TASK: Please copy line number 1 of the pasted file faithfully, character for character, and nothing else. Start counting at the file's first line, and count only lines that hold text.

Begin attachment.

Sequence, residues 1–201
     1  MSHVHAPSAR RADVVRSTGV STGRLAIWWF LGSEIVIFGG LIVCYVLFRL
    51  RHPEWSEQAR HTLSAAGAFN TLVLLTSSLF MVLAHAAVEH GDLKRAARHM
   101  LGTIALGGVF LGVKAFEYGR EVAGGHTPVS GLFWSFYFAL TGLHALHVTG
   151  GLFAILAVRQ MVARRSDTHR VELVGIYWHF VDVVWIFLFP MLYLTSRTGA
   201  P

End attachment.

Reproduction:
Sequence, residues 1–201